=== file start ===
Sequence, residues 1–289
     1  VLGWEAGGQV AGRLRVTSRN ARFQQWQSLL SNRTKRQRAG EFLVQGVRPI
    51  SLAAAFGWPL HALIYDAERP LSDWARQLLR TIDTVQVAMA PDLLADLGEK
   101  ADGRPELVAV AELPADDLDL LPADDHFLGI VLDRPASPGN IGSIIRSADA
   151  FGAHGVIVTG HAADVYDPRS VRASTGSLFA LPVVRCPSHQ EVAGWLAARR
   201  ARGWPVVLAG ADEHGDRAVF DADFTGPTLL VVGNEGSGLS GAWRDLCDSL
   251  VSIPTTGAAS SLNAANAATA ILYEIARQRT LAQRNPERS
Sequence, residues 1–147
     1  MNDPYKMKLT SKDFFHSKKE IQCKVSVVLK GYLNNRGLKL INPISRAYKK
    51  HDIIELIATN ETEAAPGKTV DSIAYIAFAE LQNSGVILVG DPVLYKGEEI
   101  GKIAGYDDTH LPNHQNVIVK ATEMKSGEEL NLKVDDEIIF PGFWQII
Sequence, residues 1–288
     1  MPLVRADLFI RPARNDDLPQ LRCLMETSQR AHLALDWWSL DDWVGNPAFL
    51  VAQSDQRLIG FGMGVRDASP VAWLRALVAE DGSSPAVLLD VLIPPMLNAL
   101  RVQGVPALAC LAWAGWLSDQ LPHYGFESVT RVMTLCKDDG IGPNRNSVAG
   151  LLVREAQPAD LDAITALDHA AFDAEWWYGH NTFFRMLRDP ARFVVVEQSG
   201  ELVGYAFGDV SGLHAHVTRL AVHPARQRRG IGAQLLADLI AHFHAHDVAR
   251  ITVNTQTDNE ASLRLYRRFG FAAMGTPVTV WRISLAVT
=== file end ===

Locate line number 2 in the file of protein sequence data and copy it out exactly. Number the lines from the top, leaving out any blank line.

     1  VLGWEAGGQV AGRLRVTSRN ARFQQWQSLL SNRTKRQRAG EFLVQGVRPI